There is what we do and what we think about what we do

choice freedom perspective Sep 12, 2019

I said something to my husband and immediately recognized it as sounding pompous. There was a time that I would have chewed on that for a long while. I would have turned it over in my mind, wondering why I said such a thing. Self-judgment would have set in. I would have wondered what he thought of me. A virtual rat's nest of thought would have been created in my mind, because it is not my intention to sound pompous and so why did I say that, gosh darn it?!

I have come to see, however, that what comes out of my mouth can’t be helped—in that moment. Just like a car crash can’t be avoided, at the instant it is happening. Once something happens, it happened. It was the manifestation of the conditions present.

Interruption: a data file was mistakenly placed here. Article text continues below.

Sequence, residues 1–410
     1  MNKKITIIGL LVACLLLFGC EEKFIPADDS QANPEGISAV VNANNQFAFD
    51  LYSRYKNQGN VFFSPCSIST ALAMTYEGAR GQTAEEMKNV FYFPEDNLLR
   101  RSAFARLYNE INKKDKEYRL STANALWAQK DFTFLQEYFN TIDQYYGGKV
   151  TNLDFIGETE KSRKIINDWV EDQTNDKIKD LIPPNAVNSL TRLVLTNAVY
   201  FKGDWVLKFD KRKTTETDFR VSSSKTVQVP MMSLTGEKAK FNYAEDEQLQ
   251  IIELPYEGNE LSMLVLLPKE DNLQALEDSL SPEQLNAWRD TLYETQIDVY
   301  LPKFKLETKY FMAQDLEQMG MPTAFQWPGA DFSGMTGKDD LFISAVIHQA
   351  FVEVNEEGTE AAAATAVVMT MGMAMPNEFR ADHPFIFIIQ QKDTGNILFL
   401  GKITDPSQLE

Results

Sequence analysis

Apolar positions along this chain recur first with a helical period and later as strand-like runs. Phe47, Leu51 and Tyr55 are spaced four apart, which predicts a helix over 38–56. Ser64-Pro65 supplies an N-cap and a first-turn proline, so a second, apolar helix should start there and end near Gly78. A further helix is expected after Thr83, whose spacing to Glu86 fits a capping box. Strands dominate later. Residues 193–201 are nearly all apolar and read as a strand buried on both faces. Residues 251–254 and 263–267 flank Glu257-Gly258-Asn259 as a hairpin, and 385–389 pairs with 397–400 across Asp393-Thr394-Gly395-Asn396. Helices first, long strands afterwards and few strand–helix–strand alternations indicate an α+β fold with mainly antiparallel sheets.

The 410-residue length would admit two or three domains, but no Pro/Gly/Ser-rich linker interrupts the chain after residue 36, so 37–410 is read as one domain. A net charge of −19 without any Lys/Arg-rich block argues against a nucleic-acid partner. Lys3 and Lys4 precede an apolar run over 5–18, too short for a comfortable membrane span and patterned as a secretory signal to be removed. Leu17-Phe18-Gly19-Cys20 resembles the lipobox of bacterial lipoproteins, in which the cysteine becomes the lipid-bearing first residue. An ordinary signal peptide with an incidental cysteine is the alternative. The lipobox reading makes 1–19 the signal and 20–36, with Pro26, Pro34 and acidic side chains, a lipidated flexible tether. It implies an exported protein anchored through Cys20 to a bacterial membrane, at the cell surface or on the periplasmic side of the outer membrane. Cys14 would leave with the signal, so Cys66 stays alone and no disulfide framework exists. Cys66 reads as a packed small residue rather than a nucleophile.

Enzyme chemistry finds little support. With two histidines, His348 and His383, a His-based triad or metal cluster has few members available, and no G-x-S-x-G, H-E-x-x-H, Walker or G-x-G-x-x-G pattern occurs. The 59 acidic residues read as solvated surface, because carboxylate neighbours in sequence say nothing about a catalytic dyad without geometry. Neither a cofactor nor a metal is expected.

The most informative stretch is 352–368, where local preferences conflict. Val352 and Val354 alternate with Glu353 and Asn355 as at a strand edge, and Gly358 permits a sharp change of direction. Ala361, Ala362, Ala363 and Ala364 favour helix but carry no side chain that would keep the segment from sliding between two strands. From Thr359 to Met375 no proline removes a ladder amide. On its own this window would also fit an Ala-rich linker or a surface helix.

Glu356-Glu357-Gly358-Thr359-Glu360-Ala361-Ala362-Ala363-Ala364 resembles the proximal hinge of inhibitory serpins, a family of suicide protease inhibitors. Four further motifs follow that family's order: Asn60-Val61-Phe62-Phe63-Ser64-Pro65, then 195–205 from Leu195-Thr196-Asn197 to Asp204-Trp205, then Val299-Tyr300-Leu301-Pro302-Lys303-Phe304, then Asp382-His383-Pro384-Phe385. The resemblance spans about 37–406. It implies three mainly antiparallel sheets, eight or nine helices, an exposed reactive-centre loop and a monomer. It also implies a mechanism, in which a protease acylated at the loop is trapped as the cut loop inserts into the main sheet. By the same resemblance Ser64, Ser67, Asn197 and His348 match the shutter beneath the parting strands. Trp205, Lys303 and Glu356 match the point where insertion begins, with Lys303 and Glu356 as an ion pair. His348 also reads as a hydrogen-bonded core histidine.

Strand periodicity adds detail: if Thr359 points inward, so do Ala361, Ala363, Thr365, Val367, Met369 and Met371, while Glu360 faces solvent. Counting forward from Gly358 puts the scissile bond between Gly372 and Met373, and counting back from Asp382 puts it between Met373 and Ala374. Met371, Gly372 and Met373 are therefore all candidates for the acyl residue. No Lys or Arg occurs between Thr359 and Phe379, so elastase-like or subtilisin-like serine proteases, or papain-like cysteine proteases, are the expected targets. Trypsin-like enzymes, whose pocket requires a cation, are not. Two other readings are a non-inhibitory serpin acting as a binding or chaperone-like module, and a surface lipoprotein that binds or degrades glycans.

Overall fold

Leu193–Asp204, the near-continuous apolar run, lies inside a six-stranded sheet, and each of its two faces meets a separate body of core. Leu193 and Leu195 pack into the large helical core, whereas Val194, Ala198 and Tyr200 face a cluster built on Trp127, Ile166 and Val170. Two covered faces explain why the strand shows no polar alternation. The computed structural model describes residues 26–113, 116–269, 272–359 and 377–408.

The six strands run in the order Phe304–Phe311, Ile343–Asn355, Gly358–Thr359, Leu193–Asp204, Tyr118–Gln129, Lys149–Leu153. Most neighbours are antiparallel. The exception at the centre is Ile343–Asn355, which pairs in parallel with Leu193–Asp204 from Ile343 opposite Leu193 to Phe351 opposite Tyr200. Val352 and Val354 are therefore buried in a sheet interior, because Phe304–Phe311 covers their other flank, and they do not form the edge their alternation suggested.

Life is about the unfolding of sets of conditions, potentialities bursting into “happenings.” I am learning to simply experience the happenings without identifying with or as the happenings.

We are not the things we are thinking about.

If I have the capacity to observe my actions, thoughts and feelings, then that must mean I am not those things. A thing cannot observe itself. (Can an eyeball see itself?)

I am not the thing that happened with my husband. Words came out of my mouth, but I am not those words. A choice (albeit unconscious) was made to utter those words, but I am not that choice. Feelings of regret came up, a wish that those words weren’t spoken, but I am not those feelings.

I get to experience all of those things without being those things. I do not have to identify as those things. Who and what I am is still fully, 100% in tact, no more and no less than as I was created, in Holy Perfection.

There is what happens and there is what we think about what happens.
There is what we do and what we think about what we do.

I have found that a key to peace and equanimity is remembering that a thing is just a thing until I place meaning upon it... and that doing so is optional.

"There is nothing either good or bad, but thinking makes it so."
—William Shakespeare

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